The St. Louis Blues have depth and have shown it off this season. Having too many skilled players at every position to the point every game is a competition for playing time is a really nice problem for Coach Ken Hitchcock to have to worry about. With the additions of rookie forward Vladimir Tarasenko (91), seasoned veteran defenseman Wade Redden (6), and the recent Jake Allen (34) goaltending show, the Blues have run out of roster spots to put their extensive talent. It’s also been a fortunate situation considering the 9 point hole they dug themselves, created by the 5 game losing streak the Note recently started to overcome. For about two weeks, it was all bad press for St. Louis, so given the recent success, it would be nice to lighten the mood by looking at the guys who have been the glue holding this team together all season.
The Blues built an amazing team over the past few years in the wake of a near franchise collapse that stemmed from the 2005 lockout. Really, the current roster is a product of a storied club that could just never sprinted all the way through the finish line. The names that have graced the back of the sweaters in this town are very literally some of the best to ever play the game, and they highlight the rich history of the Blues as an organization. It’s a history of tradition and pride of all the Note represents. It’s been passed down year after year and it’s visible every night the boys take the ice. From Berenson, Hall and the rest of the inaugural class of ’67, to the brand new superstar in Tarasenko, it’s always meant something to be a part of the St. Louis Blues and these guys demonstrate it night after night through their tough, physical and skilled play. Please note that these aren’t necessarily in any particular order.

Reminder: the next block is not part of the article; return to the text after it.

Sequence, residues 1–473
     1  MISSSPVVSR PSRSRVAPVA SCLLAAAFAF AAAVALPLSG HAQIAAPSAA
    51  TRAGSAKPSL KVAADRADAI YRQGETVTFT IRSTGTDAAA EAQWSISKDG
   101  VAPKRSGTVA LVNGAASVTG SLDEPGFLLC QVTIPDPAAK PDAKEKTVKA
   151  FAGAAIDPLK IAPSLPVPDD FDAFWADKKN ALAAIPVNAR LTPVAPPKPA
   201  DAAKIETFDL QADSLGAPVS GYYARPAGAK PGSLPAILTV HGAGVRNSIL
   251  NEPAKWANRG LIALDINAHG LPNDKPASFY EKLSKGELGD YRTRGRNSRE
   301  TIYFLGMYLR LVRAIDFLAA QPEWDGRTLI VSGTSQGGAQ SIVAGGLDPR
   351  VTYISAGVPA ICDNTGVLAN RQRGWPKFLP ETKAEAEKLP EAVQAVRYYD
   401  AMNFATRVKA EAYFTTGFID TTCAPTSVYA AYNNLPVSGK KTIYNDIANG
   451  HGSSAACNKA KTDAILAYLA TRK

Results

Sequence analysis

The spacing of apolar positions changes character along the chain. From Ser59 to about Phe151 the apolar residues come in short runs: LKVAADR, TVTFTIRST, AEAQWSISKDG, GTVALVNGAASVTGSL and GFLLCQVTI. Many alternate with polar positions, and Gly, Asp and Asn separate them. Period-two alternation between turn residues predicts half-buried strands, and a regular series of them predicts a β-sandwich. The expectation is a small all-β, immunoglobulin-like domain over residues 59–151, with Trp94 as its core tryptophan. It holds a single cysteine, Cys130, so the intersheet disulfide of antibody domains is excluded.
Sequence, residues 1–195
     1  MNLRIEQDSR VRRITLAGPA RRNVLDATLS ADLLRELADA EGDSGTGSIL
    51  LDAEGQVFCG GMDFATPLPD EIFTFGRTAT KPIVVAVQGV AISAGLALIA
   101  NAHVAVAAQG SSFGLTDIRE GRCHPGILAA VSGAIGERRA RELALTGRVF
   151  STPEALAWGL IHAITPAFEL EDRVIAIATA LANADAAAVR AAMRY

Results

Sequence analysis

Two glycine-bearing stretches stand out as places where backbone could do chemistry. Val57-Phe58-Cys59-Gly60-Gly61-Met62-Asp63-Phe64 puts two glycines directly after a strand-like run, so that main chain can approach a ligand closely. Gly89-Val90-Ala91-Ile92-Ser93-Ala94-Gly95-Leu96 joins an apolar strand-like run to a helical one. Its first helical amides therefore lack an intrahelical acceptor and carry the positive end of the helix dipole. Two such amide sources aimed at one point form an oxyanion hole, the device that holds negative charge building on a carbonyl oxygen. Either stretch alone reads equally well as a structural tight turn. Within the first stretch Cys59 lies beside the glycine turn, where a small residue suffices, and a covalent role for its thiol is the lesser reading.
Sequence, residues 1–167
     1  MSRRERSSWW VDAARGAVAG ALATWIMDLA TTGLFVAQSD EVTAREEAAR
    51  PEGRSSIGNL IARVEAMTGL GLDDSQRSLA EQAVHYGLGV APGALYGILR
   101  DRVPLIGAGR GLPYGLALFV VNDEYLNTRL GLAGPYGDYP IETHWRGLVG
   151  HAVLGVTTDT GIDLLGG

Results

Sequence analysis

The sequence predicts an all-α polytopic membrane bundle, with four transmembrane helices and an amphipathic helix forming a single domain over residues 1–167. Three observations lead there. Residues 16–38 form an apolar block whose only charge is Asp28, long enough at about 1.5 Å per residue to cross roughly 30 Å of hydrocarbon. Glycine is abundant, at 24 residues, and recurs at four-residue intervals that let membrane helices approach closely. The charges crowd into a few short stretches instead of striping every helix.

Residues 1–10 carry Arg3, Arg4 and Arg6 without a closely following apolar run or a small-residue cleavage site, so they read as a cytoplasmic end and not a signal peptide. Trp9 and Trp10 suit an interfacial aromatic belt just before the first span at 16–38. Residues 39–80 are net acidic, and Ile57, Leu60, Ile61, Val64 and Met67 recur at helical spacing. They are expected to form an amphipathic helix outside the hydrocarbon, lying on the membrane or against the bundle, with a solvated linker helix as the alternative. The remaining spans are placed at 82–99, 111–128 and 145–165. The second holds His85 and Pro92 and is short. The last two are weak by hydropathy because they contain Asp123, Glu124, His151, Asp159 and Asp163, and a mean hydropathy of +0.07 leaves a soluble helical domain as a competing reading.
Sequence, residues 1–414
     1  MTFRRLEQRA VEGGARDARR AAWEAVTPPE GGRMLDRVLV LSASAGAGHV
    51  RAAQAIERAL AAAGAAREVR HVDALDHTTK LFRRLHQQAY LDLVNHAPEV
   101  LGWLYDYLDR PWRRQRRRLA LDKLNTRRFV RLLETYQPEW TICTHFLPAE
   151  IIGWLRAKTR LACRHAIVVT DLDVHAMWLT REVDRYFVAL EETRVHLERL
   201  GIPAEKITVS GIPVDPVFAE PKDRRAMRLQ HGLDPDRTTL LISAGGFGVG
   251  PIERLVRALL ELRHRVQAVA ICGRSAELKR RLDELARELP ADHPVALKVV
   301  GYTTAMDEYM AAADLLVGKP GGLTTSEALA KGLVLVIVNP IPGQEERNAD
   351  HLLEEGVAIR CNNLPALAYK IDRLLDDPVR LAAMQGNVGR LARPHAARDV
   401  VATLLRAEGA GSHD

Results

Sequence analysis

Alex Pietrangelo (27) and Kevin Shattenkirk (22) have both been up and coming for a while. Last year, they really took big steps and this year, though it’s a shortened season, it’s evident that they are pure and simple, a force on the ice, but they didn’t get there by chance. They have bettered their game by taking the advice of the senior staff they share the ice with. A key element in their development, while he’s not the oldest guy skating for the Blues, Barret Jackman (5), at 31 years old, is the last piece remaining of what was the late 90’s, early 00’s season’s, devastating defensive squad. Chris Progner and Al MacInnis, with his cannon-like slap shot (once recorded at 100.4 mph), were the ones teaching the young Jackman the nuances of the game, and Jackman soaked up their instruction and quickly became a force during the 2002-03 season, which was his first full 82 games in the Blue Note. Over the last few seasons, Jackman had been being criticized for his poor effort and play. Once a scrappy, physical player for his size who, the 2012 campaign, Jackman’s play has never been known for its consistency. His best year, 2006-07, Jackman earned 27 points (3 G, 24 A) and finished at +27 over 70 games played. Since then, he’s been at -12, -17, +3, +3, +20 and he’s currently +3. During last off-season, Jackman was awarded a monster 3 year, $9.5 million contract and for most of St. Louis, the signing didn’t sit well because he’d fallen off. Jackman didn’t get physical anymore. He wouldn’t play or take the body, and his defense was barely considered acceptable. The pinnacle moment disappointment with him from the fan standpoint, was reached during a 2012 game verses Anaheim when Jackman tied up with George Parros but refused to drop the gloves. As the refs got between them, Parros can be seen making faces at Jackman and flicking him in the face which only elicited a look of “whatever dude” from Jackman as a response.